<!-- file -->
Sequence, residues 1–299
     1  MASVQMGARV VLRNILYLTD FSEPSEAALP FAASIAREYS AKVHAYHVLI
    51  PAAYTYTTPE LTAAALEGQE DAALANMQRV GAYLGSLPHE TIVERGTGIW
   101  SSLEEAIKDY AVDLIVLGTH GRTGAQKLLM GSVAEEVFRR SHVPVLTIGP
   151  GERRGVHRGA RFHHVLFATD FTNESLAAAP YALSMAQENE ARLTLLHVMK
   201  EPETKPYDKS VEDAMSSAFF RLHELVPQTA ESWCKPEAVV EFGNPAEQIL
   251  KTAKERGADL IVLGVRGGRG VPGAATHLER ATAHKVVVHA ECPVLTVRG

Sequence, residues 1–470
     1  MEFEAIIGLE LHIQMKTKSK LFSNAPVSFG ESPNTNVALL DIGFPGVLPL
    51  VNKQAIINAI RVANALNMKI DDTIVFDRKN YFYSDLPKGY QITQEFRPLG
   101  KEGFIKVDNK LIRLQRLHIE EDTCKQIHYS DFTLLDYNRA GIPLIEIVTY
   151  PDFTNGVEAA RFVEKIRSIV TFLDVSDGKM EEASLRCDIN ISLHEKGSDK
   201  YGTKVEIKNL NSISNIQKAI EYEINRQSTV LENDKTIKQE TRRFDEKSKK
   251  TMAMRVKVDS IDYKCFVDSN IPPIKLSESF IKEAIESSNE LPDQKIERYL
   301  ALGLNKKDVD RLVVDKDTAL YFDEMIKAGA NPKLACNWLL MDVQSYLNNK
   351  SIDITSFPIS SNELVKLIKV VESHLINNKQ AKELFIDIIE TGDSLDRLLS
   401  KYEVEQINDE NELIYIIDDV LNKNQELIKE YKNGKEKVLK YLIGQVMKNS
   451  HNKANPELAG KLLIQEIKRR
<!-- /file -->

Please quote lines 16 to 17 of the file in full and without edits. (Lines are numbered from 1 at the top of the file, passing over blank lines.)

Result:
   351  SIDITSFPIS SNELVKLIKV VESHLINNKQ AKELFIDIIE TGDSLDRLLS
   401  KYEVEQINDE NELIYIIDDV LNKNQELIKE YKNGKEKVLK YLIGQVMKNS